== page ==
Late-Onset Asthma in Obese Individuals Could Be Caused by Amino Acid Imbalance, Holguin-Led Study Reports

Issue Date: 
March 25, 2013

A metabolic imbalance—rather than allergy or airway inflammation—may spur increased respiratory symptoms and a quality-of-life loss associated with asthma in obese people, especially those who develop asthma later in life, according to a study led by researchers at the University of Pittsburgh School of Medicine. The findings, published recently in the American Journal of Respiratory and Critical Care Medicine, have prompted a pilot project at the University of Pittsburgh Asthma Institute at UPMC and the University of Pittsburgh School of Medicine to see whether patients’ symptoms improve when they supplement their diet with the deficient agent.

The relationshipFernando Holguin between asthma and obesity is in many ways a conundrum, said the study’s lead author, Fernando Holguin, a professor in the Division of Pulmonary, Allergy and Critical Care Medicine, Pitt School of Medicine, and codirector of the Asthma Institute. A person who has severe asthma may require frequent steroid treatments and limit his or her activity, resulting in weight gain; in others, obesity seems to aggravate or even initiate asthma symptoms.

“Obese asthma patients tend to have worse symptoms, more frequent episodes of breathing difficulty, and don’t respond as readily to conventional treatments,” Holguin noted. “Our study supports the premise that asthma is a multifactorial condition that can be triggered by a variety of underlying problems.”  Interventions to improve clinically meaningful outcomes may need to be personalized to the type of asthmatic condition that an individual patient has.

Patients who are obese and develop asthma as adults tend to exhale lower levels of nitric oxide, a compound that relaxes blood vessels and is thought to play a similar role in airways. The researchers collected blood samples from 155 adults, nearly half of whom had severe asthma and half were obese. The team found that compared to early-onset asthma patients, late-onset obese asthma patients had lower plasma levels of the amino acid arginine and higher levels of an arginine metabolite called ADMA, which interferes with nitric oxide production.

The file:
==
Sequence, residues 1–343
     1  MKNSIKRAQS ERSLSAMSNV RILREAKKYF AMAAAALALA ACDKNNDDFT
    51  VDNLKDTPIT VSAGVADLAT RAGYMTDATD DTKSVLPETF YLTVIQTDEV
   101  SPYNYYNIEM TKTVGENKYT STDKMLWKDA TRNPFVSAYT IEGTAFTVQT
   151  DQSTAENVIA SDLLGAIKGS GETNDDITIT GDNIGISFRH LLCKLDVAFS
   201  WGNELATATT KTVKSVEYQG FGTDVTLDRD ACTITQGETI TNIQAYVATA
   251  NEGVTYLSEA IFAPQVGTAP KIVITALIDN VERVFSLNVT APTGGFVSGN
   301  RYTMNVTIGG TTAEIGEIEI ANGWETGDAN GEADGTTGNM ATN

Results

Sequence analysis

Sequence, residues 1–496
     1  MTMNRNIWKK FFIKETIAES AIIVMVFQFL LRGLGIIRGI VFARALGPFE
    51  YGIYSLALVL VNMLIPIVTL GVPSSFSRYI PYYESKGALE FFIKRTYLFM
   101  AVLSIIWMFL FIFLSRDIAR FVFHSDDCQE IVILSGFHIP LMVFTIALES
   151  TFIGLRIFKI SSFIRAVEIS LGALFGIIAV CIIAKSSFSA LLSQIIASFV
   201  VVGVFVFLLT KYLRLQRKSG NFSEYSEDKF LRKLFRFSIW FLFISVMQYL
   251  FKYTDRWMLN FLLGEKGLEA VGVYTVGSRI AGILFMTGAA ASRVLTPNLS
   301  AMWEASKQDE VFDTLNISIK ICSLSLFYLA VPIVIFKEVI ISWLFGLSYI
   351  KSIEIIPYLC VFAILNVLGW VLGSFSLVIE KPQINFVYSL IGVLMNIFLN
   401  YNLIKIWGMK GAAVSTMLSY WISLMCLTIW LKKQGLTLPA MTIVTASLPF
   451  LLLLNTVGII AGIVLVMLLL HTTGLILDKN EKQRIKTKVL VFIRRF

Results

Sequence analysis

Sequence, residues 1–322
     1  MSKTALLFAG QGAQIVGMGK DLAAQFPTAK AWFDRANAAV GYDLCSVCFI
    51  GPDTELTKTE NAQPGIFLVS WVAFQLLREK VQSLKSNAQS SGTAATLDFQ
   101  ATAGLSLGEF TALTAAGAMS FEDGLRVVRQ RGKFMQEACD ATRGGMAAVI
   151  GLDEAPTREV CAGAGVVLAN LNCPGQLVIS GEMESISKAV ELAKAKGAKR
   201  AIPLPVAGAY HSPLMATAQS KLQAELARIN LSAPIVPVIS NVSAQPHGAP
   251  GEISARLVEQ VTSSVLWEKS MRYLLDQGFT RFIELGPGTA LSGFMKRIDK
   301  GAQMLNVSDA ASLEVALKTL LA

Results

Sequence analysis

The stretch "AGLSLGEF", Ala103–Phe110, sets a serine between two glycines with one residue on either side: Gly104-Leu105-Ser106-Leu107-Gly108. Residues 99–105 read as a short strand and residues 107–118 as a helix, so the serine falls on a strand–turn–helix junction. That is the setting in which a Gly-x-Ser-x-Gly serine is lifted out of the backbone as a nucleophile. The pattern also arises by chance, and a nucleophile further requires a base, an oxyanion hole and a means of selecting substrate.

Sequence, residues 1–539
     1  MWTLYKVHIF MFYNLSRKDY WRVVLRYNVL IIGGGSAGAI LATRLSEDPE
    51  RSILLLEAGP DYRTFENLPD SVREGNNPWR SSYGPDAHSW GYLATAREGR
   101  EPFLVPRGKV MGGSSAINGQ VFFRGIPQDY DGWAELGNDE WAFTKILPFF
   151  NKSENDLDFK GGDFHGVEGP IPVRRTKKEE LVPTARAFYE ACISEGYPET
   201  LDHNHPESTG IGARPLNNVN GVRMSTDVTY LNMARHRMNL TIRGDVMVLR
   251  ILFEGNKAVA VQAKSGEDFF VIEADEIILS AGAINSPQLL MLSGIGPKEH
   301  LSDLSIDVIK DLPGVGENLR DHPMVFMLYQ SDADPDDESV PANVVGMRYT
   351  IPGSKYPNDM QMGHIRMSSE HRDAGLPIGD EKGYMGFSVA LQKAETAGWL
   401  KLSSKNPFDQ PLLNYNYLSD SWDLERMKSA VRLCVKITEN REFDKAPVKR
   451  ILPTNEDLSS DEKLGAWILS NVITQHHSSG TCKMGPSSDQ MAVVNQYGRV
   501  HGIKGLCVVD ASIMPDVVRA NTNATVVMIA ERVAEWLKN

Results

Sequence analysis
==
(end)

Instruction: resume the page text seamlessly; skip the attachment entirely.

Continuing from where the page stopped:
“In healthy people, a balance is maintained between arginine and ADMA, ensuring normal levels of airway nitrous oxide,” Holguin said. “But in obese, adult-onset asthma, the lower arginine and higher ADMA reduce airway nitrous oxide levels. This finding is promising because it suggests that increasing arginine could restore nitrous oxide levels and its positive effect on airways.” This might translate into patients having less wheezing and shortness of breath.

Arginine is readily available over the counter as a dietary supplement, but it is rapidly metabolized by the body and reduces its practicality as a treatment, he said. Another supplement called citrulline is known to enhance arginine production and can be taken in high doses without ill effects.

“We will soon begin a small pilot study to see whether citrulline supplements can help alleviate symptoms in patients who fit this profile of late-onset asthma, obesity, and decreased exhaled nitrous oxide,” Dr. Holguin said.

Mark Gladwin, chief of the Pitt medical school’s Division of Pulmonary, Allergy and Critical Care Medicine, said, “This research highlights that not everyone with asthma is the same, so our investigators are exploring treatments that work in different ways for specific patients, a concept that we refer to as precision medicine.”

Coauthors of the paper include senior author Sally Wenzel, a professor of medicine within the Pitt medical school’s Division of Pulmonary, Allergy and Critical Care Medicine and director of the Asthma Institute, as well as others from the Pitt School of Medicine. In addition, research was conducted by researchers from the Cleveland Clinic, Wake Forest University, the University of Wisconsin, the University of Texas, Washington University in St. Louis, Emory University, the University of Virginia, Harvard University, and Imperial College London.